Her team polled “stakeholders” of northern Massachusetts’ coastal communities at the local and university levels, along with commercial and nonprofit business leaders, to determine the potential of their blue economies and the roadblocks that might keep them from capitalizing on the water as a way to produce goods and create jobs.
“Successful blue economy initiatives are really based in understanding what your regional strengths are, understanding what we have to work with,” said Kahl, who heads the UMass North Shore Blue Economyinitiative.
In northern Massachusetts, she said, assets include access to the ocean, and to Boston’s life sciences and finance community, a number of top universities, a railway and an eager commercial and nonprofit business sector.
“The North Shore is more than lobster rolls and getting sunburned on the beach for the day,” Kahl said. “How do we talk about the beauty and benefits of these communities to the talent we’re trying to retain, to companies that we are trying to recruit? How does [the way communities use their waterfronts] fit our sweet spot?”
Although tourism and recreation account for $133 billion of the $385 billion blue economy, according to the Center for the Blue Economy, Kahl said the jobs that sector creates—at an average salary of $25,000 per year—pay far less than positions in ship building, marine construction and climate change research.
“We want to keep the waterfront culture,” she said. “More jobs in these areas would not replace tourism. But there is an opportunity to grow different jobs.”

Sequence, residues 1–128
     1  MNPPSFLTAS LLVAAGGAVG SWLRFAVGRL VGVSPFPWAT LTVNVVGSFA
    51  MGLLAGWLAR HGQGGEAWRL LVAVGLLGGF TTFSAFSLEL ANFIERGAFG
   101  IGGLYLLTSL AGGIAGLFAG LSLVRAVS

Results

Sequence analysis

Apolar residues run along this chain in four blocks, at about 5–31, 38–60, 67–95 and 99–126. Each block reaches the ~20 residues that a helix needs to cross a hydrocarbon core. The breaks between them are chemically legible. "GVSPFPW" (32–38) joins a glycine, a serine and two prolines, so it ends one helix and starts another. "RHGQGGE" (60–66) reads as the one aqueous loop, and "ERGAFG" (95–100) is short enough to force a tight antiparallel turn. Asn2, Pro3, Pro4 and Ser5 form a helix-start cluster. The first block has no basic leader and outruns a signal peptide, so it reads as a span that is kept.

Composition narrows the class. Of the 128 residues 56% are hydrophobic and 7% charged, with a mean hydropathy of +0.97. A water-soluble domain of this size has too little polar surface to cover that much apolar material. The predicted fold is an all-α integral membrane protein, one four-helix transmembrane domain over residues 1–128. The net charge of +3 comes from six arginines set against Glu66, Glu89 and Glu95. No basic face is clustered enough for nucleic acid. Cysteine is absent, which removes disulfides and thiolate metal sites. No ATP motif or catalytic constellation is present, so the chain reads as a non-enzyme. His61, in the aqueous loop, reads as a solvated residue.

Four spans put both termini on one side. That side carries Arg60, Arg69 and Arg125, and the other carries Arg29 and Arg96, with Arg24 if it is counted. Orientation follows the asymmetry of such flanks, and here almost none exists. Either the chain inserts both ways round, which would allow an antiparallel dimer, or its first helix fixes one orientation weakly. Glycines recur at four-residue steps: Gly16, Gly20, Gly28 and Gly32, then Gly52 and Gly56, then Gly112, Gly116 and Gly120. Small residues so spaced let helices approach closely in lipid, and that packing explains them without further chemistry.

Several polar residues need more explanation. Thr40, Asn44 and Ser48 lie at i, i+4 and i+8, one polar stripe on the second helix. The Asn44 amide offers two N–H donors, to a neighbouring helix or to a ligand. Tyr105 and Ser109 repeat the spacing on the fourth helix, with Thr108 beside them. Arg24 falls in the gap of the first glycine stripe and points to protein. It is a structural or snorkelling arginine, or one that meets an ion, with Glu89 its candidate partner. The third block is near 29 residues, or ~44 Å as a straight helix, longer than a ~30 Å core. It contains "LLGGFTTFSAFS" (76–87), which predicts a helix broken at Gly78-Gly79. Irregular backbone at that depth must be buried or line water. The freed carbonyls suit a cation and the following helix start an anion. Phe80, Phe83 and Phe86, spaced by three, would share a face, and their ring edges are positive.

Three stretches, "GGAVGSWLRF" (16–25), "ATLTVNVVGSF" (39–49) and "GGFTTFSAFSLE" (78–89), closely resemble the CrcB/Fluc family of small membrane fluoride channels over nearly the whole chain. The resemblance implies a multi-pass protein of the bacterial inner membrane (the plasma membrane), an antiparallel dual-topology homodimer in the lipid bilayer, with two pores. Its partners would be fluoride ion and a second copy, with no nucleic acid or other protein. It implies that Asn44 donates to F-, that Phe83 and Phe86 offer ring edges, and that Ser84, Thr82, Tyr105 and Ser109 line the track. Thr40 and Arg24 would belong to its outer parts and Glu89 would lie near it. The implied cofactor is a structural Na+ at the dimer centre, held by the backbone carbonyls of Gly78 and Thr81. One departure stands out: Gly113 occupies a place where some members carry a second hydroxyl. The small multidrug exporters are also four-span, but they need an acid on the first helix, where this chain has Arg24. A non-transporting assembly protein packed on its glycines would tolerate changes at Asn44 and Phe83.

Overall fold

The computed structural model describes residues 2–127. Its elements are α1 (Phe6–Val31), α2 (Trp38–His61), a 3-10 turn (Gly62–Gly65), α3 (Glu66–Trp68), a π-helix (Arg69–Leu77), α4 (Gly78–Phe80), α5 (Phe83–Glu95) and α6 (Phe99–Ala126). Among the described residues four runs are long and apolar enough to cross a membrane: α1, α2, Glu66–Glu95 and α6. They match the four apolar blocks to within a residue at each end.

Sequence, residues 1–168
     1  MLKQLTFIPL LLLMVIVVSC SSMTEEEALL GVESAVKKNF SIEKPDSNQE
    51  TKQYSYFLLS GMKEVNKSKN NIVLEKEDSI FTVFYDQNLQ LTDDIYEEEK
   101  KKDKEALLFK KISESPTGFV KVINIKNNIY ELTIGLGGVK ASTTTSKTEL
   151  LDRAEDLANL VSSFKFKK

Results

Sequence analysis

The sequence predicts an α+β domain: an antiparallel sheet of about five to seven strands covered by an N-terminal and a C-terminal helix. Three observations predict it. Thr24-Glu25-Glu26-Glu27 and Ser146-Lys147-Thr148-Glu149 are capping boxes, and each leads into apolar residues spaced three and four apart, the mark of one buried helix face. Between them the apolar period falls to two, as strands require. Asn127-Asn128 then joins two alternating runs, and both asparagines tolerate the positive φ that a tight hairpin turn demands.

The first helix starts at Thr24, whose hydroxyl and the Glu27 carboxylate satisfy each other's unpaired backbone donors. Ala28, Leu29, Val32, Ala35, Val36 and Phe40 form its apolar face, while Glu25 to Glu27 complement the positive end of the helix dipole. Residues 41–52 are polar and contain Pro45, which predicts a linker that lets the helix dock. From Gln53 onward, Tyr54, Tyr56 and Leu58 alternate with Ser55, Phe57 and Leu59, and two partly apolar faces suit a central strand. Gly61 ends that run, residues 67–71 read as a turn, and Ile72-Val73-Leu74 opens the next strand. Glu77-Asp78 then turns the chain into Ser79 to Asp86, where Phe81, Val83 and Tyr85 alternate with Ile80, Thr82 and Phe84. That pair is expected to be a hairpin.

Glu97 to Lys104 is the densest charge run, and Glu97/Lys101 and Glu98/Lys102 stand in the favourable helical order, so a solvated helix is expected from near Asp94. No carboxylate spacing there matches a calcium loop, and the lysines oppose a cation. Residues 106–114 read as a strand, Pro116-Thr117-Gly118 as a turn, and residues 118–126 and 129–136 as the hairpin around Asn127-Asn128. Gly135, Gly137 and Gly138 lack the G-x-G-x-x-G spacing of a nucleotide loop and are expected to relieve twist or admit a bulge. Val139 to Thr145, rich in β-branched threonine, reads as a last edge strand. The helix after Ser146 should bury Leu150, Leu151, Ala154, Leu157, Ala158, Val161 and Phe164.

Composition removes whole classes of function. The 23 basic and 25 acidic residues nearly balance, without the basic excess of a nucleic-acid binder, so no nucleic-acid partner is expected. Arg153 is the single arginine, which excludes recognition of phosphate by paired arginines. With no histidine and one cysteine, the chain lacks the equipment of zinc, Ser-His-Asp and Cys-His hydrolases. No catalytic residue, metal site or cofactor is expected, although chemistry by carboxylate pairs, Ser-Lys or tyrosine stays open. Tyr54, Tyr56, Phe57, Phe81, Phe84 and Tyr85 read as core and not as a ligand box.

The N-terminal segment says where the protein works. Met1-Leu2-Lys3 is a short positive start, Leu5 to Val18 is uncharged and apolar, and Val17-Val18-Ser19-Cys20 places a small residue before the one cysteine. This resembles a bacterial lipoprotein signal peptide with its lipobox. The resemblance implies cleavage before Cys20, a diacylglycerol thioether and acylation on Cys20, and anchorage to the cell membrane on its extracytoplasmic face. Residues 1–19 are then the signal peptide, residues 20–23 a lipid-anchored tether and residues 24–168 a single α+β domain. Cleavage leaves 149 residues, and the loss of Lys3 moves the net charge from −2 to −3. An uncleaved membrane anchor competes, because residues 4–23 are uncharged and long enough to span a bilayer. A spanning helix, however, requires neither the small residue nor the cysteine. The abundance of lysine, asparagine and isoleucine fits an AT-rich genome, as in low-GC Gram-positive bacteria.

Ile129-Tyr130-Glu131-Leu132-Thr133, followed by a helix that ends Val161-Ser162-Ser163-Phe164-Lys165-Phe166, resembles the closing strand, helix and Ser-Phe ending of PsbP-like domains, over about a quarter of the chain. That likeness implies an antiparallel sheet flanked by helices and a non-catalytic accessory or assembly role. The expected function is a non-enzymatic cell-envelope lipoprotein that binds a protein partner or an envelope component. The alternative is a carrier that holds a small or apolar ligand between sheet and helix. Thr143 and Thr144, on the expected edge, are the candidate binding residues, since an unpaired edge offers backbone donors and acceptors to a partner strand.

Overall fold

Her research is pointing to the need for coastal communities to reach inland to universities and vocational schools that can train the future employees of high-tech marine industries that might, for example, site energy-producing windmills in the ocean or monitor the impact of climate change on a community’s lobster population.
“How do we dive deeper on workforce training programs that are at the intersection of fisheries, marine tech, wind?” she asked. “What does the future of Massachusetts look like, and where’s the gap” in training and education?
‘Kickstarting’ Blue Economy Innovation
Charles Cogan, research director for the Center for the Blue Economy, said technical innovation and research like Kahl’s are “kickstarting” blue economy innovation, although most coastal communities already harness the economic benefit of their proximity to the ocean.
“It can vary hugely from kind of the centerpiece of what people are trying to do, to a footnote in their thinking,” said Cogan, whose organization collects data on the economic impact of the marine economy. “I don’t think there’s a lot of consistency in terms of intensity of interest. But I think there is certainly widespread interest, whether they call it the blue economy or not.”
In the last four years, he said, “the notion of the innovation blue economy has really taken off,” yet the federal government has barely pumped any funding into it. “The budget resources to match the awareness and interest have not been there.”